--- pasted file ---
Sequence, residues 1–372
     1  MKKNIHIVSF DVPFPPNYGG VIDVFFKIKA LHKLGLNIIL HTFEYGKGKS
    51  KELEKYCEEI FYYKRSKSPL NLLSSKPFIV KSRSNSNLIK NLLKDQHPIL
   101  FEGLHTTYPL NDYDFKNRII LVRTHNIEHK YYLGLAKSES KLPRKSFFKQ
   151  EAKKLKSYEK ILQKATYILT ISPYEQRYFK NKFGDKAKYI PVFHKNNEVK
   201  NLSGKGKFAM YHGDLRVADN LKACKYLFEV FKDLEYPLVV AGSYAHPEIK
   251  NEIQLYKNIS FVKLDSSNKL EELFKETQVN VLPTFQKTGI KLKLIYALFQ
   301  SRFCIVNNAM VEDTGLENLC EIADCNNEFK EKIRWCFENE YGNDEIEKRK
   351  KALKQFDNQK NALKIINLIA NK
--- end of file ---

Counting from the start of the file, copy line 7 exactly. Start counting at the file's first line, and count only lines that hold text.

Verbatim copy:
   251  NEIQLYKNIS FVKLDSSNKL EELFKETQVN VLPTFQKTGI KLKLIYALFQ